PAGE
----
She met Frazer through her son, Gary, who works with NOC. He contacted Frazer after seeing a photo that he had taken of her at the 2010 Day of Remembrance program.

Jio said that she hopes that the Kioku Project will help to inform others about Japanese American history.

“I hope the project will educate the greater community to Japanese American history through our personal experiences. Putting real people’s backgrounds with the photos relates history on a basic human level through their stories. I am grateful to Andy for setting up the project and allowing the public to access it on his Website,” she said.

Like Jio, Joe Yasutake also enjoyed the opportunity to work with Frazer on the Kioku Project.

Joe Yasutake. photo by Andy Frazer

Yasutake, the vice president of the Japanese American Museum of San Jose, was only 10 years old when he was incarcerated in the Puyallup Assembly Center (Washington), Minidoka concentration camp (Idaho) and the Crystal City Justice Department internment camp in Texas.

“My memories of camp stretch from pleasant and good, to severe anxiety and fear,” he said. “On the positive side as a 10-year-old, not aware of the serious implications of incarceration, I enjoyed school, friends and sports. On the other hand, I have vivid memories of my mother crying and discussing issues such as the fate of my father, my brother leaving for the Army, my other brother and sister leaving to go to school, etc. These discussions were always late at night after they all thought I was sleeping. I recall such discussions being extremely anxiety-arousing, making my stomach ache.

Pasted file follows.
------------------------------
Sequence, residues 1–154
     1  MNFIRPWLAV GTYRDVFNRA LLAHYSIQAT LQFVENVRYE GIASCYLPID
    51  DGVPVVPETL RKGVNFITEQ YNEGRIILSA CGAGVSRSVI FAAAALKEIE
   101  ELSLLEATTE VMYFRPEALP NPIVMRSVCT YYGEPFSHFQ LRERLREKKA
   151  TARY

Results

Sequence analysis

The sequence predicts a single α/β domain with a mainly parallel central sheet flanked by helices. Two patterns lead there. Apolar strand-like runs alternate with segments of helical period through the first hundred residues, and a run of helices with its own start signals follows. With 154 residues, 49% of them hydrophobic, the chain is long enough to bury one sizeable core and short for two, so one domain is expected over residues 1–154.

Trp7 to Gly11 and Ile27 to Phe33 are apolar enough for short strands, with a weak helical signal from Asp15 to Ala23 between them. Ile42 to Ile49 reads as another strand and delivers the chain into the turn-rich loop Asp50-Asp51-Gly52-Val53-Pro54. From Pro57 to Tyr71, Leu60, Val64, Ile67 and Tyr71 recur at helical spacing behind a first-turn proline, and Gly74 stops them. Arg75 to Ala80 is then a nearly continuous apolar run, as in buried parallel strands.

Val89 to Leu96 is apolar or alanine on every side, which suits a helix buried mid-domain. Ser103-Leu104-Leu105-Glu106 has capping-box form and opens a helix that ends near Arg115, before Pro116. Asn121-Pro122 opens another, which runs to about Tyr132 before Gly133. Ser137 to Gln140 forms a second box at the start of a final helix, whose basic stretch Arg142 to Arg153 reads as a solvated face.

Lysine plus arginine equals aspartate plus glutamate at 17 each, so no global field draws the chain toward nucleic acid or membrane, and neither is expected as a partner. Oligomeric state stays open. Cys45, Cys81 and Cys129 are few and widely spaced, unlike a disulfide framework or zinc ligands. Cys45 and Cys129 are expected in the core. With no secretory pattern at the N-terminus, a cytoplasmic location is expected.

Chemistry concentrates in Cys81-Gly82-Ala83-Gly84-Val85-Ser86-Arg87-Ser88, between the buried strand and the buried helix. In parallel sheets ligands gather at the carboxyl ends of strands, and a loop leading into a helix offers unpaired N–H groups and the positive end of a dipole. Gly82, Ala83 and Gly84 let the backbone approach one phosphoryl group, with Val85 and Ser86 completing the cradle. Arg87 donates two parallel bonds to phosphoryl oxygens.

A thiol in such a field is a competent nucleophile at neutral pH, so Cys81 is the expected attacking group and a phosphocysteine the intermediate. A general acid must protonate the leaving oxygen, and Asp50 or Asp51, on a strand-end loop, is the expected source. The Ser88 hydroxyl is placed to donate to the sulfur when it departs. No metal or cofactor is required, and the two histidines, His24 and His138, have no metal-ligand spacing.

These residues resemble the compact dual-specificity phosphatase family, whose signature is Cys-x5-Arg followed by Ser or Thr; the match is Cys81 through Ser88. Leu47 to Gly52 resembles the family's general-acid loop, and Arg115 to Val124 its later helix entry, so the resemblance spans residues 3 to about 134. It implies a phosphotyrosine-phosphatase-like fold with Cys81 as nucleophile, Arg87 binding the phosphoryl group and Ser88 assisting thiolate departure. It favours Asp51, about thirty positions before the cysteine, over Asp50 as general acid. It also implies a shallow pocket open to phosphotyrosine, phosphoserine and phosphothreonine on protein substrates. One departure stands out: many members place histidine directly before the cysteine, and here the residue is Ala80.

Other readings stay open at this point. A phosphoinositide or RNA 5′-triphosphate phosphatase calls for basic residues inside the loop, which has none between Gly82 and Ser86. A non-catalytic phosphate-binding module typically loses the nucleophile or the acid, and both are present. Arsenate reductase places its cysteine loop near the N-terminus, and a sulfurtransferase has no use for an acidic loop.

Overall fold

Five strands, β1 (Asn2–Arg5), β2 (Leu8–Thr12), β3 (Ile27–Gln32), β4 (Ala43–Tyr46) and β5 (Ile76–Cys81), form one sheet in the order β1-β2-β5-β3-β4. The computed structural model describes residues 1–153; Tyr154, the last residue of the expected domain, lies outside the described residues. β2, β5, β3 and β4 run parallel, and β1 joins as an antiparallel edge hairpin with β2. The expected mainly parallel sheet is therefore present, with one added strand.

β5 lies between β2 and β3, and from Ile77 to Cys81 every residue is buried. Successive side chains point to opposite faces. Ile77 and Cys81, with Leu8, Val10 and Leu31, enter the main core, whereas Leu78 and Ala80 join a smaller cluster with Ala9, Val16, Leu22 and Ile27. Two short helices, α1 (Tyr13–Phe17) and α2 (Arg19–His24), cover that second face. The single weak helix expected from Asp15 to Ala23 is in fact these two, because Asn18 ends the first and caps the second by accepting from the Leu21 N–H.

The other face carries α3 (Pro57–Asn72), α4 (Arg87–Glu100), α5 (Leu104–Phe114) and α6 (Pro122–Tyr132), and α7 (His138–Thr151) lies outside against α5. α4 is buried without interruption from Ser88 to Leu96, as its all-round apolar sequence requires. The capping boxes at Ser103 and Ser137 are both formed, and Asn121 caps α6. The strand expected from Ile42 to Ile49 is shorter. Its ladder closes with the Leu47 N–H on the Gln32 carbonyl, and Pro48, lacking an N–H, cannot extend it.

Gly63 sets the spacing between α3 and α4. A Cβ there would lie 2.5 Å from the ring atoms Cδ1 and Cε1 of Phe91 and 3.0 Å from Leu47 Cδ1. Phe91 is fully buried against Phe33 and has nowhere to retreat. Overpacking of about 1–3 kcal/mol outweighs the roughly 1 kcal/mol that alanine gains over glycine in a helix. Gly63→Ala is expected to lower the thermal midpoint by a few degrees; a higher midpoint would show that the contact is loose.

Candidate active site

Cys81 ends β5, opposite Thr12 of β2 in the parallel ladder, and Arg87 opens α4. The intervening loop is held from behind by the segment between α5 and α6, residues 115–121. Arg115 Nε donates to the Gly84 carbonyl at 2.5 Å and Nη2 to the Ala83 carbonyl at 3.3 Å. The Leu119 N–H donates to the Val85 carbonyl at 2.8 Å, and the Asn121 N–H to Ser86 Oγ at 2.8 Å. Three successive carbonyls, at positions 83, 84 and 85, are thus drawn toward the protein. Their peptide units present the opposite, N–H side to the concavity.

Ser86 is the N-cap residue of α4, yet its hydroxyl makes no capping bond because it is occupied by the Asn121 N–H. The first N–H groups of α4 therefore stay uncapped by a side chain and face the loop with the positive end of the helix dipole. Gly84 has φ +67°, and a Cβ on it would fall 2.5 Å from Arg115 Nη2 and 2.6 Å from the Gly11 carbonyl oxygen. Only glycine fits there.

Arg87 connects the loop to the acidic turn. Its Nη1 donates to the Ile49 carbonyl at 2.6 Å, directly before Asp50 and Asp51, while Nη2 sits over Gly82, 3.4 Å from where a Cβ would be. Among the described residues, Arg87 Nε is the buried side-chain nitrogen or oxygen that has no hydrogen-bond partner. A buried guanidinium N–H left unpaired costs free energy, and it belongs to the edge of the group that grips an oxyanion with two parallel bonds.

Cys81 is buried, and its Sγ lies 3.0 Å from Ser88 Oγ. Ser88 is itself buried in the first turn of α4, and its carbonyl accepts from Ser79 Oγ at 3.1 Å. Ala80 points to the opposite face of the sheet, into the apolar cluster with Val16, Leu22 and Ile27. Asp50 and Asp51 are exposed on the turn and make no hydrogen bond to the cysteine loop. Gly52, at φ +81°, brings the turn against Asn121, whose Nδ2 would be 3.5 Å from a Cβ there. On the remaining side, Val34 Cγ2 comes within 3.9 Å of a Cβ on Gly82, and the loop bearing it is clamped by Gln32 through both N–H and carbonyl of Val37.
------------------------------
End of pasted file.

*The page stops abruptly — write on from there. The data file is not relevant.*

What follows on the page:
“I was born in 1932 and raised in Seattle until World War II,” Yasutake continued. “Because my father worked for the U.S. Immigration and Naturalization Service as an interpreter, he was considered a leader in the Japanese community and a potential threat. Thus, he was arrested by the FBI within a few hours of the attack on Pearl Harbor and subsequently put in a Department of Justice camp.”

Like Yasutake and Jio, Chizuko Judy Sugita de Queiroz also possesses vivid memories of the wartime camps. She was held at the Poston concentration camp in Arizona.

“I remember camp as the most horrendous period of my life. I always had my Dad and brothers and sisters available before school and after school. In camp, I was so alone as everyone had their agenda and I was left by myself,” said de Queiroz, whose photos of camp life are currently on display at the Japanese American Museum of San Jose.

De Queiroz also enjoyed being photographed and interviewed by Frazer.

“Andy interviewed and took photos and told me all about his project, which I thought was wonderful. He and so many others are interested in the history of what happened to the Japanese Americans in the concentration camps during World War II. It is really phenomenal,” she said.

Trackbacks

  1. […] be able to learn more about the project, and read in interview with Frazer. (Nichi Bei Weekly – Wartime Internee Portrait Project) And the pictures and stories in Kioku: Portraits of Japanese-American Internment can be seen and […]